Colonel's Island Port of Brunswick

In this undated photo provided by the Georgia Ports Authority, a Wallenius Wilhelmsen roll-on/roll-off vessel takes on vehicles at the Port of Brunswick’s Colonel’s Island Terminal near Brunswick.

Provided photo

The Georgia Ports Authority supports more than 370,000 jobs across the state.

And GPA, which has ports in Brunswick and in Savannah, works year-round to ensure local students are exposed early to on-the-job opportunities the ports authority offers.

GPA frequently hosts student tours at its Brunswick and Savannah ports.

“During tours, students learn about job opportunities, GPA’s economic impact on the state and region, as well as about day-to-day port operations,” said Emily Goldman, manager of port relations for GPA.

GPA also participates in community events like CoastFest, she said.

“We often share a teaching resource at these events called ‘Ollie the Otter’s Big Adventure,’” Goldman said. “It’s an activity book highlighting the coastal environment we live in, as well as how Georgia’s ports operate.”

Every summer, GPA hosts dozens of college students from around the country for an internship program.

“Students are placed in a variety of teams, including corporate communications, port police and operations,” Goldman said. “Over the course of the summer, students learn real-world job skills from people working at the fastest growing port in the country.”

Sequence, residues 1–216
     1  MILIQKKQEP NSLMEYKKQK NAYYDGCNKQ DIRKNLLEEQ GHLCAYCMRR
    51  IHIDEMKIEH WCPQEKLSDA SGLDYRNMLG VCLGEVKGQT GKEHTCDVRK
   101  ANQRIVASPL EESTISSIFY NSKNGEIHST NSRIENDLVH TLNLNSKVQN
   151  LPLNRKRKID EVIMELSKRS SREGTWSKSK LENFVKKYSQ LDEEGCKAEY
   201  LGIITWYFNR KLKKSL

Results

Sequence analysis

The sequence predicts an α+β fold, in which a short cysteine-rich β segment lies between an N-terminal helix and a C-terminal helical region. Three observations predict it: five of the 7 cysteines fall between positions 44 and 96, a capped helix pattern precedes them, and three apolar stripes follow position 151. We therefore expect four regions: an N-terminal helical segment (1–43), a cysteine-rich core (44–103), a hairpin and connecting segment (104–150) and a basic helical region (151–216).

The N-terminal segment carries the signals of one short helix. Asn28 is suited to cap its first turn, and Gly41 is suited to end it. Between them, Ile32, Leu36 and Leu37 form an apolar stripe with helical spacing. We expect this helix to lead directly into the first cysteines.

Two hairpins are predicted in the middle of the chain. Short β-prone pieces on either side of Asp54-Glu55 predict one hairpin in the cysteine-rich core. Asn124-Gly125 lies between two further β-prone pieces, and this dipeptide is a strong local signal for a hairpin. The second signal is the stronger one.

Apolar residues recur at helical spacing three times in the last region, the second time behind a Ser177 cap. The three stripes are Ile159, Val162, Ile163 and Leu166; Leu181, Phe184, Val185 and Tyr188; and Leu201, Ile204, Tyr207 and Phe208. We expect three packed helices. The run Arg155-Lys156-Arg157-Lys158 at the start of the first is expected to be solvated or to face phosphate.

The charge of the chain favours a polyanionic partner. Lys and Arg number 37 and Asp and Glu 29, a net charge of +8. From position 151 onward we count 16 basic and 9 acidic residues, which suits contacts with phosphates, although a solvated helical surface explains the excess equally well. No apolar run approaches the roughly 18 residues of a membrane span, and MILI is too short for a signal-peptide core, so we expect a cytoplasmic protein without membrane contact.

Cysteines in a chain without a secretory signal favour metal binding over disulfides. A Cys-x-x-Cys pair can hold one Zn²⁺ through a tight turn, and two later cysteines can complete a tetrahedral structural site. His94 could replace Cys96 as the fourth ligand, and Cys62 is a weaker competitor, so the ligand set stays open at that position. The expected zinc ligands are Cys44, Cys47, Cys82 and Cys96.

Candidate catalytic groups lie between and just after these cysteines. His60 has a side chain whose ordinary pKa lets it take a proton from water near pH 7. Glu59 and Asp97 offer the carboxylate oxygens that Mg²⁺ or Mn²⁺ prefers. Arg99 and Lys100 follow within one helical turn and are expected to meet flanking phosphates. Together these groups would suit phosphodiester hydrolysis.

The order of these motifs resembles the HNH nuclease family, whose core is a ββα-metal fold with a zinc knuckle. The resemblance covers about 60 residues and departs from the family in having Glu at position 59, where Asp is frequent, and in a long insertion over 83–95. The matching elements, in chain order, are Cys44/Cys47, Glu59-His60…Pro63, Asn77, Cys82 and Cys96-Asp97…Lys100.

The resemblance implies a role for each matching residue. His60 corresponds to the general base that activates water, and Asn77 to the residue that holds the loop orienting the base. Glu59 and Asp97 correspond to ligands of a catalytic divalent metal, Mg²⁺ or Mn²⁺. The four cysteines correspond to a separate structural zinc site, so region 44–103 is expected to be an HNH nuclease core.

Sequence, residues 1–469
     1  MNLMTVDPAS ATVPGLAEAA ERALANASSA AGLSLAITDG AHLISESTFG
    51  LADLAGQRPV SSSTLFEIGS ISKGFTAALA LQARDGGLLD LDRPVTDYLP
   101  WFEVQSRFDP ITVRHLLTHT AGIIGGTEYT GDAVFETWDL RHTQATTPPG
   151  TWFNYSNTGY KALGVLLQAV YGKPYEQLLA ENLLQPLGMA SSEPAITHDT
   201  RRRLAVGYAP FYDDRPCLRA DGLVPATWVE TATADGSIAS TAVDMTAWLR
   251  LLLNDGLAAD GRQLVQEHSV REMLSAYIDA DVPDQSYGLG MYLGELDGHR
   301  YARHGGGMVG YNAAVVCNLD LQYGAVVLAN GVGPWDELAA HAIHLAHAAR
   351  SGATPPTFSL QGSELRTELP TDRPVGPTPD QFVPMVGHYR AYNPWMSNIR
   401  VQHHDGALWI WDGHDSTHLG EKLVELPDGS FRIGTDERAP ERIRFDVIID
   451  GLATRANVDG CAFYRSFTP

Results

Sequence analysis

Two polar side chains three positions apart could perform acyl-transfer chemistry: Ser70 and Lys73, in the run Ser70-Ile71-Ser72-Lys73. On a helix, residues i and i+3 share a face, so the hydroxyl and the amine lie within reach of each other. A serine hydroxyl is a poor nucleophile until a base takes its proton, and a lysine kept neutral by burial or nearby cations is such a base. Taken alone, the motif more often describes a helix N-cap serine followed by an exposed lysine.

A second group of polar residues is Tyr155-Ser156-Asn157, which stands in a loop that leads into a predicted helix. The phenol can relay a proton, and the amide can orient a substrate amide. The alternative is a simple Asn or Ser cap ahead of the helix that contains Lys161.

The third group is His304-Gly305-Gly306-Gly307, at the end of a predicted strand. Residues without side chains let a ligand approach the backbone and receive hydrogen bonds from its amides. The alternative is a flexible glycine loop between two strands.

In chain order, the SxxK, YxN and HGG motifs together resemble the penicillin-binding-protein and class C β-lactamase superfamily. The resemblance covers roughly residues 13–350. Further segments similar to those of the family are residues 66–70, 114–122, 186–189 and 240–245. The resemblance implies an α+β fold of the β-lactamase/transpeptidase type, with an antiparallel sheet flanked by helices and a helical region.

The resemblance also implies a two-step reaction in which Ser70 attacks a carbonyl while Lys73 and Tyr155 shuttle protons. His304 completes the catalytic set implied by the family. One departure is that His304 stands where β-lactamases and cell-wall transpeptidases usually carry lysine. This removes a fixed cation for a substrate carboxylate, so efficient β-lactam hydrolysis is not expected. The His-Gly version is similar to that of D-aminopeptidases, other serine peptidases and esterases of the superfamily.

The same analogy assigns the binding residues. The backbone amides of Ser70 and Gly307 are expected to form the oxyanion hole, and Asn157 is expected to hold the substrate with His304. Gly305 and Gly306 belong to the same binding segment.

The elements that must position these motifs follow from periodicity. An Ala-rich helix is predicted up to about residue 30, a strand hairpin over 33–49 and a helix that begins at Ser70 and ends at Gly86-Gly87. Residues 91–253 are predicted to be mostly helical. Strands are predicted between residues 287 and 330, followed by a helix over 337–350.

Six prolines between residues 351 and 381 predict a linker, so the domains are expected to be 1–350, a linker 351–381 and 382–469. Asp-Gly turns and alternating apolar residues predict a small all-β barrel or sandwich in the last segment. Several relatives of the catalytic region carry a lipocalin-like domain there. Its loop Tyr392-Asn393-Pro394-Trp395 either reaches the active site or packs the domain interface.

The internship program also helps GPA employees see their work from a fresh perspective, she said.

“Each student creates a work product while they are here that they can take with them to use as a sample when applying for jobs after college,” Goldman said.

GPA aims to expose students to the multitude of job opportunities, of all types, available at Georgia’s ports.

“Jobs at the Ports of Brunswick and Savannah are varied and range from information technology and insurance experts to people who specialize in equipment maintenance and operations,” Goldman said.

Supporting local education ensures the future of a skilled workforce, she said.

“The Georgia Ports would not be what they are today — a world class operation moving 4 million twenty-foot-equivalent container units of cargo and more than 270,000 vehicles each year — without its people,” Goldman said.

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